Results 1 to 9 of 9

Thread: From Ak to Europe...........and beyond

  1. #1
    Member Alangaq's Avatar
    Join Date
    May 2007
    Location
    Hey! If I look thru this empty beer bottle, I think I can see Russia from here!!!
    Posts
    1,232

    Default From Ak to Europe...........and beyond

    Simply as a trivia kind of thing or interesting tid-bit I thought I would pass along one of my recent experiences. I have been traveling on business throughout the UK and western Europe the last 13 days or so and being an Alaskan gun nut I have tried to find out as much about the local shooting sports, laws, regulations, hunting and fishing as possible, given the time allowed. One thing of special interest happened two days ago as a Brit born German acquaintance of mine that knows I am into guns and such invited me for a drive to the “outfitter” in a small town about 35 K south of Landstuhl (Ramstien AFB) Germany. It is a chain type store, much like Sportsman’s Warehouse but on a much smaller scale. It very much reminded me of that gun store off of old Seward, at the end there next to new segiya……………..cant recall the name, but think it is………..no, I don’t remember, but you guys know the one I am talking about. Anyway, this store in Germany had pretty much everything, but really heavy on dog stuff and clothing. Real high end European wool and oil cloth stuff……………like 300 to 400 euros, and that equals like………..I dunno……..a Billion dollars (obviously an exaggeration, but out of my price range none the less, so it might as well be a billion) shot gun stuff seems to be a real big deal here and for rifles everything is geared towards the small Rea deer that live local to this area, so obviously many metric chamberings up to and including the 9MM’s but a lot of 7 & 8 MM chamberings and a few .30 cal and .264 (6.5). they had a pretty decent variety of bullets and brass, Norma, Seller & Belloit (spelled wrong I am sure) Nosler and Speer. Brass was either Seller and Belloit or Remington. The dies and reloading gear was ALL either Redding or Dillon. Didn’t see any RCBS or Lee stuff anywhere. As for powder I didn’t see ANY although they must sell it, I couldn’t get over the language barrier to figure it out and see what they had.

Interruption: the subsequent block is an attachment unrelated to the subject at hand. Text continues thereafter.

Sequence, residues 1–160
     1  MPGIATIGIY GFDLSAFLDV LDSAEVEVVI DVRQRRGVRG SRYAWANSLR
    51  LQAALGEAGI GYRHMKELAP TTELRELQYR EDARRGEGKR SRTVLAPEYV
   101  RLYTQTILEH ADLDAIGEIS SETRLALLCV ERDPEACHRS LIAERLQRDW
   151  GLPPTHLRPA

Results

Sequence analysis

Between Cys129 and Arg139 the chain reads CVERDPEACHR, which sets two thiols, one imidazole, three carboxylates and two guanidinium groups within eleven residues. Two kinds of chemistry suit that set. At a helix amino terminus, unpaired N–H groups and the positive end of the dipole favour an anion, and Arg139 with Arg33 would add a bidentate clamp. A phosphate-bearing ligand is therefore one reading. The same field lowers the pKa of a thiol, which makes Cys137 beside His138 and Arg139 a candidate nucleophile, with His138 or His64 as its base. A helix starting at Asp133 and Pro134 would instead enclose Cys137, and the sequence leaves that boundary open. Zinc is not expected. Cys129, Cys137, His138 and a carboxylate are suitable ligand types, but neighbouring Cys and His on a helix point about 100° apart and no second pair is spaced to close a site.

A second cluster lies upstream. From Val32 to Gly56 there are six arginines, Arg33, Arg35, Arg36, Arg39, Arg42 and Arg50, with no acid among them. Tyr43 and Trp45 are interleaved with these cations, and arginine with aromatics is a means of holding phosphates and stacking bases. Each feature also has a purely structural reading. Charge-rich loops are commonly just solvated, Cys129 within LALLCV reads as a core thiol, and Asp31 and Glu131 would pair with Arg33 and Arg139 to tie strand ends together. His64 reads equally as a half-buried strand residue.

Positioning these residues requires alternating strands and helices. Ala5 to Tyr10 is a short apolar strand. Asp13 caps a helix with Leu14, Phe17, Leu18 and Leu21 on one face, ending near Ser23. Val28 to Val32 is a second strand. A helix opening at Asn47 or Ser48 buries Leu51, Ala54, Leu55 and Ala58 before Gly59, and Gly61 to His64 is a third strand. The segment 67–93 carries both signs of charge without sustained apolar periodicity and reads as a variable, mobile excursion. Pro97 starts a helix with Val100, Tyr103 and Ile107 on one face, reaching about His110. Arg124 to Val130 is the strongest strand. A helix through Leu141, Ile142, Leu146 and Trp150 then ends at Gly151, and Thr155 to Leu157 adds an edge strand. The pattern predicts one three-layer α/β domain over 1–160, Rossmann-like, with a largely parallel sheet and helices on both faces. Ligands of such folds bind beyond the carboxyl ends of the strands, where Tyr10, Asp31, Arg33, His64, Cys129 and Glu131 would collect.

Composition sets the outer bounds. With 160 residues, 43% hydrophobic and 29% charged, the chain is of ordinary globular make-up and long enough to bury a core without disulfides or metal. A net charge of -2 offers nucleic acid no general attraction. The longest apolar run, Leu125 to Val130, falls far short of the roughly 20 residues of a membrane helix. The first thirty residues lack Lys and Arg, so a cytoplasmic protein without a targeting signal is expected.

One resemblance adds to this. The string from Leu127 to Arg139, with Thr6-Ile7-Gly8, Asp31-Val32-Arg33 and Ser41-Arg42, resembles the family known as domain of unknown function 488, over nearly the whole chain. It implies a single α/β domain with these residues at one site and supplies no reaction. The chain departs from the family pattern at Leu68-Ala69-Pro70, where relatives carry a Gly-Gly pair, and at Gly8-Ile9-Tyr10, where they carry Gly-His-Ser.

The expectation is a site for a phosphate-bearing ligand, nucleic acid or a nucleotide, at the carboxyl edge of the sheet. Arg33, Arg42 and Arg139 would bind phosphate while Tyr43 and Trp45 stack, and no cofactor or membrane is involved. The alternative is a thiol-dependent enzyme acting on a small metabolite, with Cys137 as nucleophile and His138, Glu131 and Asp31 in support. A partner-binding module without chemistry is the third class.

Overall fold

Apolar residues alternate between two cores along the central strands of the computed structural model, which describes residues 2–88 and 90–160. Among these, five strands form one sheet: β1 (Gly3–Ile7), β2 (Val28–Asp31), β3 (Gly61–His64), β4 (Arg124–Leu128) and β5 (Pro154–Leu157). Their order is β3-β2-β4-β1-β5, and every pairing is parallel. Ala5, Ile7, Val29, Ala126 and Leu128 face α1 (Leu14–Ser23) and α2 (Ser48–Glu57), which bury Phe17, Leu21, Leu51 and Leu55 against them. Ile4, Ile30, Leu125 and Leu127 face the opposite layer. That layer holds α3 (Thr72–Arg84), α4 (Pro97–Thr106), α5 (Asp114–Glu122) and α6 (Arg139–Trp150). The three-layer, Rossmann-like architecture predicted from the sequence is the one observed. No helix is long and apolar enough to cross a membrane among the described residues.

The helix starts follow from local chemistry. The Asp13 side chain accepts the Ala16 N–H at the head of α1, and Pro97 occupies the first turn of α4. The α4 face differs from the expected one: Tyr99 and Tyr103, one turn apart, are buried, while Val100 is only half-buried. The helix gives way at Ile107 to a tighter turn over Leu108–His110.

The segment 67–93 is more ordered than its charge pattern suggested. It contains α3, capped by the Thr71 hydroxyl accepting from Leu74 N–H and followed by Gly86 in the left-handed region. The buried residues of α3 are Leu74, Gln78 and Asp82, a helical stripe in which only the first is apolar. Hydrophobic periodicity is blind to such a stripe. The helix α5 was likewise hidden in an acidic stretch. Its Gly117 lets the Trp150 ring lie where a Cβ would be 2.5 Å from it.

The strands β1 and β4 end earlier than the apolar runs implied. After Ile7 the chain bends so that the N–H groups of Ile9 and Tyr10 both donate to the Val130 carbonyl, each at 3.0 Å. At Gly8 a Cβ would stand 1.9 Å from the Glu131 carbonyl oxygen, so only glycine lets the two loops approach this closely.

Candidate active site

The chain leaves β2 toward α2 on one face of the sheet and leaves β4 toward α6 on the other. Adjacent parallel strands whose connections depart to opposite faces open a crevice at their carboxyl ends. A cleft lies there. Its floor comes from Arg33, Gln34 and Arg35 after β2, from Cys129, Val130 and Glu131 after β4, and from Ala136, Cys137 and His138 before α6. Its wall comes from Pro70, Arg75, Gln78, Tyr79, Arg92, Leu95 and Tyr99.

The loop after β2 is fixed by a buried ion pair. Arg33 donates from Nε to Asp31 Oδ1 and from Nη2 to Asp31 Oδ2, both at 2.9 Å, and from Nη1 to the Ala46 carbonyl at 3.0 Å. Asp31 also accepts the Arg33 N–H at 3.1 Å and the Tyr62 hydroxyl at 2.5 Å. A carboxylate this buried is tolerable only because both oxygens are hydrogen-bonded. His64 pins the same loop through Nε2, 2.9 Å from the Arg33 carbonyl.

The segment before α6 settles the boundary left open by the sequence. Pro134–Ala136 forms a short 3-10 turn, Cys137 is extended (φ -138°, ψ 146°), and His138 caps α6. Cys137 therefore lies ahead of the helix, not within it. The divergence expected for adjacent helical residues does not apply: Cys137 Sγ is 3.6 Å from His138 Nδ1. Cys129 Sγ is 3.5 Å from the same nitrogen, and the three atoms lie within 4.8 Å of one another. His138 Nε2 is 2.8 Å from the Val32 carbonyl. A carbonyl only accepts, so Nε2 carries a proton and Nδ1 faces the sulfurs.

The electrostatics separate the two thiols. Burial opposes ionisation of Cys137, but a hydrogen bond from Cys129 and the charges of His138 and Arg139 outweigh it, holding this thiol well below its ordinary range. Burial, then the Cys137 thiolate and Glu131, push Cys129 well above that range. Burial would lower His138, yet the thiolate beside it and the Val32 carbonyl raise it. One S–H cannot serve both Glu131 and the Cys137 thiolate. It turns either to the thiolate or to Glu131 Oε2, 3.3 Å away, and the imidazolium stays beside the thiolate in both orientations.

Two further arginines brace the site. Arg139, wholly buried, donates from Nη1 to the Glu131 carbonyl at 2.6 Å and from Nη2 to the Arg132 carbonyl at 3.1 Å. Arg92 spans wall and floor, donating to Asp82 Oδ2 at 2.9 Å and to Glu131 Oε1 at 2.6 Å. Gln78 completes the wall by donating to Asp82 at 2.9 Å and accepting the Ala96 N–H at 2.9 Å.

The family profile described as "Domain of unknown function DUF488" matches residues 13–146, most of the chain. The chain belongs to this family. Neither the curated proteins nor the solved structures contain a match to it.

I expected to see lots of Mauser type rifles but did not see a single one. Merkel (also likely spelled wrong) was the main brand in this store, and strait pull bolt guns where plentiful as well as drillings and double guns albeit in calibers of 9MM and less. Air rifles were a plenty and where of quality never seen by these eyes before……..Prices likewise. .22 compitition rifles were also plentiful and equally high prices. Fingered one beautiful drilling with much engraving and superb wood chambered in 12 gauge, 7-57mm(or about) and 22 hornet………….5995 Euro……..yep, just as well been a billion.

    My acquaintance made much ado about me being from Alaska, USA and although I generally try to keep a fairly low profile when over here, I was pleased to note that the German lad working the knife counter had some sort of fascination with Alaska and therefore discounted my stag horn handled boker knife down to 125 Euro from 159! Yea, I know you can by them in the states…………..and probably for less, but I couldn’t come home empty handed now could I?!!